During the week of February 4th every DIS student spent the entire week with their core course. In my case this was my Child Development in Scandinavia class. We spent the first 3 days of the week on a short overnight bus trip to western Denmark and then ended the week in Copenhagen. The cover photo of this blog is the picture of the sun rising on Monday morning during our class bus ride.
We spent all of Monday at LEGO House. Surprise! LEGO is Danish! We spent the day as kids would walking around the house and playing with LEGOs. We made fish, mythical creatures, cars, drive LEGO robots, and more. They had six separate sections that sparked a different type of learning and it was cool to be able to connect the goals and ideals there with what we have been learning in class. Each visitor gets a bag of six red lego blocks and unique individual building instructions at the end! My combination won’t be repeated for 3000 years. We ended the day with dinner as a group and then some bowling!
We started the day by visiting the #1 rated Danish institution in 2017 in Odense, Denmark. Institution is a Danish “preschool” with kids ages 0-6. The early childhood education program in Denmark is so beyond amazing and I will make sure to write an entire blog post about it soon, it deserves it. We had lunch at a restaurant that opened just for us (it was SO good) and then went to the Jelling Stones which mark the creation of Denmark as a state back in the 10th century. We had the night off to ourselves so I went out to dinner and dessert with a few friends in my class.
We went to two separate museums: a children’s culture house and a modern art museum. The children’s culture house was honestly 10/10. It was based on an H.C Andersen story and women who worked there led us through a mini play where I played the magical bush, lol. It was awesome! The modern art museum wasn’t my favorite, i’m not huge into museums, but I sat and had a great conversation with a friend in my class for over an hour while building LEGOs (yes, they seem to be everywhere here). Both of the museums were in Odense, the original home of H.C. Andersen and the town fittingly felt like a fairytale with cobblestone streets and cute small houses.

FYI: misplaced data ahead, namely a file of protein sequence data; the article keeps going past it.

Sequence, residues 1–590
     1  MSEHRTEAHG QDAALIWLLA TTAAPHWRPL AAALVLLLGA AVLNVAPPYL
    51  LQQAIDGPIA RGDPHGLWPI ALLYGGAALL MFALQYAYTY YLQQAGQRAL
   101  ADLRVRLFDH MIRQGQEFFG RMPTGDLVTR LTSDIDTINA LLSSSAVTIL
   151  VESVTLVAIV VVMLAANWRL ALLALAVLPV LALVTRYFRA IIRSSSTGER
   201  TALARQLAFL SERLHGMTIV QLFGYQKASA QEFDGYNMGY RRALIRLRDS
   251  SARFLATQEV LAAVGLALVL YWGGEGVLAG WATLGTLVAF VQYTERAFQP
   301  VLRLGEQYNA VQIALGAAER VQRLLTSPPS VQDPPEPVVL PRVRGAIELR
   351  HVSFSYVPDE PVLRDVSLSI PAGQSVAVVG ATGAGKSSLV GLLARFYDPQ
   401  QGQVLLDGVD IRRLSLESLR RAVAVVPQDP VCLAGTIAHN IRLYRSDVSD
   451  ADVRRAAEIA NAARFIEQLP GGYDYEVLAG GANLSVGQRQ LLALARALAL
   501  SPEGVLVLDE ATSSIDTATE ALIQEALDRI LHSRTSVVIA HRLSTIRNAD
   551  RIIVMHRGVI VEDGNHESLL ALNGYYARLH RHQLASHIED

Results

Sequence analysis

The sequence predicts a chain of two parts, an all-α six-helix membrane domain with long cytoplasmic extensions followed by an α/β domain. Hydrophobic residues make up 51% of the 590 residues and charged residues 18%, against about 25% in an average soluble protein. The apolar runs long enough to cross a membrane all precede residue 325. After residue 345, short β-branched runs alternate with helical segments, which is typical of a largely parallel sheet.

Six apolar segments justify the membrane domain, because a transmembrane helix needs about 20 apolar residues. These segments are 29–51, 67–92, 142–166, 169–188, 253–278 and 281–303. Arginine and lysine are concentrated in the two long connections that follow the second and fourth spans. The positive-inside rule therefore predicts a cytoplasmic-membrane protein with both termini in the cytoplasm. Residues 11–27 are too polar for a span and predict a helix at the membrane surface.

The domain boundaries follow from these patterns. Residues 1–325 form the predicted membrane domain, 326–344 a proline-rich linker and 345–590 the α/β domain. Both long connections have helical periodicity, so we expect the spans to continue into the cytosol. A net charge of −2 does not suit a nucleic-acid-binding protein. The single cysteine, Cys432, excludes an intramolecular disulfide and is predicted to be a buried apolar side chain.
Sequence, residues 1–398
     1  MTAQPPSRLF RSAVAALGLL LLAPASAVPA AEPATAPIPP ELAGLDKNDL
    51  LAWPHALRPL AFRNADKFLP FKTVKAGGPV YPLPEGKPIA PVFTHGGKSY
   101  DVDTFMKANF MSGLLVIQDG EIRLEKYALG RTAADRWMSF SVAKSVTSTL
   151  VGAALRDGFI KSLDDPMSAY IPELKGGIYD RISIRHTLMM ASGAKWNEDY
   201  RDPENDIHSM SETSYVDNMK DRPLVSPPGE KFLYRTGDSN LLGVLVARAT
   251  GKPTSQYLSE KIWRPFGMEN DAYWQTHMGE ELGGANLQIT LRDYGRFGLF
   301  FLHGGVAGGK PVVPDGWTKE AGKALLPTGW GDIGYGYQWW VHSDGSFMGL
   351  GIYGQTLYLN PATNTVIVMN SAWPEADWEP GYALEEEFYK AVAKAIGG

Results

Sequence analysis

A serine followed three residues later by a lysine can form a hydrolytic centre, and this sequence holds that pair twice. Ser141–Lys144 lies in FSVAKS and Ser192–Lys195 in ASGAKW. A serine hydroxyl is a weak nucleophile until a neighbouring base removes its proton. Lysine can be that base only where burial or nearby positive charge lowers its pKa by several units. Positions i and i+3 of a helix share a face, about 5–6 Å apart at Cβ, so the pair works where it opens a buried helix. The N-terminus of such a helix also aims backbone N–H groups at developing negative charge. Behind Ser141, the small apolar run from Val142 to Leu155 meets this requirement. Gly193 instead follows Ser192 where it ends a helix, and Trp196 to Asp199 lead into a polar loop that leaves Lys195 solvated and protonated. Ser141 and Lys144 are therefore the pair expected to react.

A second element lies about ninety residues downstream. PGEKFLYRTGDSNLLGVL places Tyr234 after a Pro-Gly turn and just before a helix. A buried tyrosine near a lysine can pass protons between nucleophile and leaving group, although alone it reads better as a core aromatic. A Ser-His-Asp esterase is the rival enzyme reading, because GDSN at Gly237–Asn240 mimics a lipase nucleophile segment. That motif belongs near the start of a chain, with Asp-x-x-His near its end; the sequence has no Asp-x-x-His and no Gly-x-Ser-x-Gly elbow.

We spent Thursday at our regular practicum sites in the city. Friday was by far my favorite day of the week. Not necessarily because it was the best day for everyone but our visit really appealed to me personally. We visited a “family house” in the Copenhagen area of Fredericksburg. Families and children are referred there by social workers when they are deemed “at risk” for neglecting their children or being neglected and could use a middle point before foster care or need time to determine whether they can go back to their families. Three of the women who work at the home talked with us for two hours about the home and the services they provide. Families can live there to learn parenting skills with a goal to move back home with their children or children who have been removed from their homes can live there from 2 months to 2 years as a middle place between home or foster care. I cannot put into words how much I loved this place. It was truly amazing to see the resources that the municipality puts into helping children and families. The kids who live there go on vacations 3 times a year, can have friends over for sleepovers, and live as normal a life as possible. Compare this to your idea of a children’s group home in the US. Yeah. Amazing. If the US had establishments like this, I would be changing careers to social work with a goal to work there. I’ll never forget that experience.